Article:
“The path to being the lone black woman fly fishing in Montana may start here…”

Ellen Mcgirt addresses the racist roots of the American conservation movement and the glaring lack of diversity in the world of fly fishing.

This cynical girl from Harlem, USA, didn’t grow up with anyone who fished this way. But it has changed my life more than I could have thought possible. It is a transformational experience to stand in a river and join an ecosystem already in progress.

But, here’s the other thing about fly-fishing. In the now hundreds of days I’ve spent casting over the years, I’ve never met a person of color on or associated with the river. Not once. Not in a fly-shop. Not one guide, not a park ranger, nobody who works for a rafting company, nothing. Not even an expert on YouTube where I get most of my pointers.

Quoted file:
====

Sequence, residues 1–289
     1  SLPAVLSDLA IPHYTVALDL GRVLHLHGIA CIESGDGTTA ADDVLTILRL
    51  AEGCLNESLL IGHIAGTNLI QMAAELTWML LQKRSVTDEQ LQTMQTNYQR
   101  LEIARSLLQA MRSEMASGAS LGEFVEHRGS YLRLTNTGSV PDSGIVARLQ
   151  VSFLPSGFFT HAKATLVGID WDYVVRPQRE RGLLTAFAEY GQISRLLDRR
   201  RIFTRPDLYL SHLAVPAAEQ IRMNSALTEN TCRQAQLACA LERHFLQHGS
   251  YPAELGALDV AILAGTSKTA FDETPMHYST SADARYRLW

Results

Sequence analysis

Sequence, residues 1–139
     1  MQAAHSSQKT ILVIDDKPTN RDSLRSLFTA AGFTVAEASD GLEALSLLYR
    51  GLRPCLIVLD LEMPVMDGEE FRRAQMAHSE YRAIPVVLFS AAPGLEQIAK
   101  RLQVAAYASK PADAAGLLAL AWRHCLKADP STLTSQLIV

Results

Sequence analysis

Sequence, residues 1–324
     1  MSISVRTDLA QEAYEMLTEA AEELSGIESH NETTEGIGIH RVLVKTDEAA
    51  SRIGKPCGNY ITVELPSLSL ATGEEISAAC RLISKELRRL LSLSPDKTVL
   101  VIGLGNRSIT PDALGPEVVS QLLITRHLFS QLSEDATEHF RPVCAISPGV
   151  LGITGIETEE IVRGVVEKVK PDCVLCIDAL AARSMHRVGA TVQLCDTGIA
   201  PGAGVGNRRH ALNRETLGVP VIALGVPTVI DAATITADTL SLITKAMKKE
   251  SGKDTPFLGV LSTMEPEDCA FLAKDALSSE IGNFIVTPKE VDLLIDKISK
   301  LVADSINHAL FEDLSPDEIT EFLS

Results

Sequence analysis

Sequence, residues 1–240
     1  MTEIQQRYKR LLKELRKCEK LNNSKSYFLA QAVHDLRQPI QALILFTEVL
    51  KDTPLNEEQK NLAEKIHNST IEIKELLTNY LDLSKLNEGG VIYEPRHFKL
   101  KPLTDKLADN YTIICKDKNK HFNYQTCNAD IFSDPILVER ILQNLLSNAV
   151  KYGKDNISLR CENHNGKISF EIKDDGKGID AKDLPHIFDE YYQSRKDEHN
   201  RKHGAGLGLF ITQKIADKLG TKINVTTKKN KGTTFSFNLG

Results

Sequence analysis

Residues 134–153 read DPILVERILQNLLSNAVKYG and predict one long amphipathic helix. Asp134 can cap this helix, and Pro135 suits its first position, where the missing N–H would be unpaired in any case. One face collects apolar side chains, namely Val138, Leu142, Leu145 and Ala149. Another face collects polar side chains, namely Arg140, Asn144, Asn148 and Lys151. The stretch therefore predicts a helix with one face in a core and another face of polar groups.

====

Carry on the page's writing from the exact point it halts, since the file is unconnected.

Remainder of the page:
LINK (via: Fortune)

FacebooktwitterFacebooktwitter

One thought on ““The path to being the lone black woman fly fishing in Montana may start here…”

  1. “People of color are lonely by design.” Whose design? Define lonely. Like the author, I’ve never met a person of color who was fly fishing, tho’ I have met people of color who were park rangers and game wardens. But this means that people of color are “designed” to be lonely? My neighbors don’t seem to be lonely. My classmates did not seem to be lonely. One truth–the dearth of people of color in fly fishing, does not create another truth–“people of color are lonely by design”. This kind of thinking erodes the value of the larger point.

Leave a Reply

Your email address will not be published. Required fields are marked *